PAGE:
Document Type


Degree Name

Master of Environmental Studies (MES)


Geography & Environmental Studies


Faculty of Arts

First Advisor

Kenneth Hewitt

Advisor Role

Thesis Supervisor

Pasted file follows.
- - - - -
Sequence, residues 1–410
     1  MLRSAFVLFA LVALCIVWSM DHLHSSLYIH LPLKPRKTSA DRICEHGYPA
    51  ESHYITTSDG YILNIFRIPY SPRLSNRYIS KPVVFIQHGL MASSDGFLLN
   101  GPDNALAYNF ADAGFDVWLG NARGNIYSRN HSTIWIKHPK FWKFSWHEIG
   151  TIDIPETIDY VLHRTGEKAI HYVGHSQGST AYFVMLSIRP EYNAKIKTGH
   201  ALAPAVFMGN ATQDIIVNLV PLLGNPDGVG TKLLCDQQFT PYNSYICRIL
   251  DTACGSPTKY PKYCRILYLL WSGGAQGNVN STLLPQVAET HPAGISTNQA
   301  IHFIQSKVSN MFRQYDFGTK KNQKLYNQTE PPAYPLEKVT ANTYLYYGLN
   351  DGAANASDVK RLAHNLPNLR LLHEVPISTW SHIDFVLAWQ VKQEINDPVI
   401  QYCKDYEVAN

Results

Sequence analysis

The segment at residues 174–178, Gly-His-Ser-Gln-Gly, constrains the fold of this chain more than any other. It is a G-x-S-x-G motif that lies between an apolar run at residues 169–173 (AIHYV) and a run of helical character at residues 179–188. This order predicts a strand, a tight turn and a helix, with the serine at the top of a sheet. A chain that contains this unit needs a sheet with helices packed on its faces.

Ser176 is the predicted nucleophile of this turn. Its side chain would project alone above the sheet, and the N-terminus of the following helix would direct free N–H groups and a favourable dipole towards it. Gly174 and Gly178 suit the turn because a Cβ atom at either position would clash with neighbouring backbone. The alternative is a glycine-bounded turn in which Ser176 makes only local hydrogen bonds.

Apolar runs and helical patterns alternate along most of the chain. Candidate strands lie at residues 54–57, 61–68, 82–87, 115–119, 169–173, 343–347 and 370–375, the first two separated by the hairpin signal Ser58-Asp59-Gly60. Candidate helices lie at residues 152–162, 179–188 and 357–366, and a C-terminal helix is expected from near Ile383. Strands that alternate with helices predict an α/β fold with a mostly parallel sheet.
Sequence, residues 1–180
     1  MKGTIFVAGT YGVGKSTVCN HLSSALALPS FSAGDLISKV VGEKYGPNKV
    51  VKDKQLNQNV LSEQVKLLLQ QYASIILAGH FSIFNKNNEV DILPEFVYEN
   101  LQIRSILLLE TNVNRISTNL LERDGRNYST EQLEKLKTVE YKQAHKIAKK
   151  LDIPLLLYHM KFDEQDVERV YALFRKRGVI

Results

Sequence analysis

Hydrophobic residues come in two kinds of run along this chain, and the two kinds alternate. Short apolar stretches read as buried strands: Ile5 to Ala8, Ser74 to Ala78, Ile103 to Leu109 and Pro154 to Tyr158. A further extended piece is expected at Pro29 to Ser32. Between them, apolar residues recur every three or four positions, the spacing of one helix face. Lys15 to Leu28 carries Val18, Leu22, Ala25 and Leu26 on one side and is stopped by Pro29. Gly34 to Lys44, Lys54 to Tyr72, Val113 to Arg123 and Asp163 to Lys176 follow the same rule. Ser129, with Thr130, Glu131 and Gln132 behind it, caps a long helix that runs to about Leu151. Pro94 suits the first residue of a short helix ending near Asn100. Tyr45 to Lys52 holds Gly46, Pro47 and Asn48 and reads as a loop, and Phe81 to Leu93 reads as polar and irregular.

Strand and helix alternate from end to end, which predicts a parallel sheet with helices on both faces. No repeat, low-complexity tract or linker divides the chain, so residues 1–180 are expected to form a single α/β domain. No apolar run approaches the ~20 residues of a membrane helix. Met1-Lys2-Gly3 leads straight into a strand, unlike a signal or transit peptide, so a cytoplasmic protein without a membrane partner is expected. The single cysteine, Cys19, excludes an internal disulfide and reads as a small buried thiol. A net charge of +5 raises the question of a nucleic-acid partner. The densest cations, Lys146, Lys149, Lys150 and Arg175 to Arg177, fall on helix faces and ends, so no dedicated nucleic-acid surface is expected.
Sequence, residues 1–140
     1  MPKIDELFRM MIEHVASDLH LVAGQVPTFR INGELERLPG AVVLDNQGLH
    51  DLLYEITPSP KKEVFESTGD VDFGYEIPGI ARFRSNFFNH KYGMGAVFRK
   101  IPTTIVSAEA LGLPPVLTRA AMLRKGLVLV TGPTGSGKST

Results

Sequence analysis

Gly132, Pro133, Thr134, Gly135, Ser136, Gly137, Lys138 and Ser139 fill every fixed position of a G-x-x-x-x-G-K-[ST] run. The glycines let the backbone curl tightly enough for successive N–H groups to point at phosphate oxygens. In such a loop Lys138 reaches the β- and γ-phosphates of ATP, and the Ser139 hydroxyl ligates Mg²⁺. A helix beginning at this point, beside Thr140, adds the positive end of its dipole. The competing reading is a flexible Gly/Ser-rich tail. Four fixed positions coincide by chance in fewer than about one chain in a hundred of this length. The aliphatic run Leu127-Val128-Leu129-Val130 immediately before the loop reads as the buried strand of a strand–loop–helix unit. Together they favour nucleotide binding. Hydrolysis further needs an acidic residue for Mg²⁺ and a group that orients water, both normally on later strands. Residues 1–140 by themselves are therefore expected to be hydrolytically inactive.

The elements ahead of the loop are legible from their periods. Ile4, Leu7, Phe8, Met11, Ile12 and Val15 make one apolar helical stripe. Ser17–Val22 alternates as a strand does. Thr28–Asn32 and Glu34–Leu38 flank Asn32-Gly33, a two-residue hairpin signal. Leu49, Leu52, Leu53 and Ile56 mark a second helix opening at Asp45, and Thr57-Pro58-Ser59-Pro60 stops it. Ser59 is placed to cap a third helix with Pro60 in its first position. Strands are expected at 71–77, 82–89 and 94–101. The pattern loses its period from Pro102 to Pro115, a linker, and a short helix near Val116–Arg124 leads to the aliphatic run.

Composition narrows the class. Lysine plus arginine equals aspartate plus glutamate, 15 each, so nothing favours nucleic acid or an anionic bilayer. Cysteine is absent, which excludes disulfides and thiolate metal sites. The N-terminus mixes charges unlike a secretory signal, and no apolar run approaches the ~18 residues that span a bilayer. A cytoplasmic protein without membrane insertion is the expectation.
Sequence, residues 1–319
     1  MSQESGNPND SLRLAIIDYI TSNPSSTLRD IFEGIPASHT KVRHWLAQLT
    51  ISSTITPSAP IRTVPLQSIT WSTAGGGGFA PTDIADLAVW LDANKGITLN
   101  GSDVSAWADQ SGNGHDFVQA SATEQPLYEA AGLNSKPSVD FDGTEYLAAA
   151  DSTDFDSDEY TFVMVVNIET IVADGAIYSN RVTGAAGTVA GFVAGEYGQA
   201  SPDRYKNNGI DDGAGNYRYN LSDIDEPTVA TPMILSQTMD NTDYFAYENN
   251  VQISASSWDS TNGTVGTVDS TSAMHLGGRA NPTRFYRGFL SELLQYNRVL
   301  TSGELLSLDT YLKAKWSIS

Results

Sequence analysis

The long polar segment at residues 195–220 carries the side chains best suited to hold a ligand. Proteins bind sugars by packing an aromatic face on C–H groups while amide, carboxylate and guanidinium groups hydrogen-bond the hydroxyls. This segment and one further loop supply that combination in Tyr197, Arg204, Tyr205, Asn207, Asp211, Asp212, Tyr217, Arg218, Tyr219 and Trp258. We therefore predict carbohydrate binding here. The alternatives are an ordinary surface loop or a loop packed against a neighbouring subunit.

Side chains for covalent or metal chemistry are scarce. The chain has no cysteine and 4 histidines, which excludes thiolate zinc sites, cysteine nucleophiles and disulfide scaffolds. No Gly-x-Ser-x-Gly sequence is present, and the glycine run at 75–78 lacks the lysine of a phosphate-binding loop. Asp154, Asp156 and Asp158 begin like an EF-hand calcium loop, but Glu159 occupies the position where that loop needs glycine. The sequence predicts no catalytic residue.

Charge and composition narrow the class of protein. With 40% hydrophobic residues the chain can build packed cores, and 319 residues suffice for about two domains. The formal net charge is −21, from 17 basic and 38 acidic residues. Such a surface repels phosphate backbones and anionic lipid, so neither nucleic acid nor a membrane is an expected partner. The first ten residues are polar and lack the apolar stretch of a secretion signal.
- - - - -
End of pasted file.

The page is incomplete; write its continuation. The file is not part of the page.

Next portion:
The high magnitude Tsergo Ri landslide (c. 100ka), Langtang Himal, with a volume in excess of 15km^3 and a vertical displacement of more than 1500m remains the largest crystalline rockslide in Nepal Himalaya. The Quaternary landslide affected rocks in gneissic fancies of the High Himalayan Crystalline Sequence adjacent to the Tibetan Sedimentary Series. Depositional characteristics from exhumed transport slope sites were analysed at both the macroscopic and the microscopic scale to investigate (i) localised fracture in terms of orientation and density, and (ii) petrography of slide induced host rock deformation. Fracture orientation analysis indicate the spatial orientation of preexisting discontinuities to NE and SW played a principal causal role in destabilisation, establishment of the primary slide plane and movement to the SW. Density data show fractures increase non-uniformly and do not show a positive linear relationship with distance. Most instances show fracture densities are greater in the slide mass than in the basement and surrounding rockwalls, excluding impact sites with obstacles to movement. In contrast to the almost exclusive interpretation of brittle processes from previous descriptions of brecciated rocks from similar landslides, evidence indicates the operation of tectonic style deformation. This is complex polyphase deformation episodes producing both brittle and ductile processes in response to slide-induced stress. In the bottom 20 metres of the Basal Zone (BZ) cataclasis occurred predominantly by brittle fracture and rigid body rotation. Localised strength anisotropies due to juxtaposition of leucogranite sheet intrusions (<50cm >thick) and biotite gneiss result in a range of microscopic deformational features. Using texture as a basis a transition is distinguished from (1) simple fracture dominated crackle breccia; through (2) foliated cataclasites; (3) matrix-poor jigsaw breccia to matrix rich jigsaw breccia with clast rotation. The character of crackle breccia suggests that sealing of fractures takes place by recrystallization of chlorite grains. In addition, dykes of fine grained cataclasite (<0.1mm) generated and injected from the slide plane into the overlying block contain a range of microfabrics including: colour anisotropies, shape preferred orientation in biotite, and localised ultra cataclasite domains occurring as linear and non-linear foliations. The observed microstructures are interpreted for each sub-process during transport slope deformation in Basal Zone (primary slide plane) and impact generated Transform Fault (secondary slide plane) settings. Observed microstructures indicate that deformation of crystalline rock close to the slide planes (primary and secondary) are not simply the result of particle size comminution due to shear stress accommodation. Instead, it seems more likely that microbreccia develops during complex polyphase deformation episodes with cyclic strain hardening and softening episodes. Preexisting lithological textures are disrupted without disturbing the original stratigraphy of the block. Because the significance of high magnitude landslides in the Nepal Himalaya is not well known, this set of features, and their interpretation, may provide additional criteria for distinguishing other ancient rockslide deposits that remain, hitherto, unrecognised.

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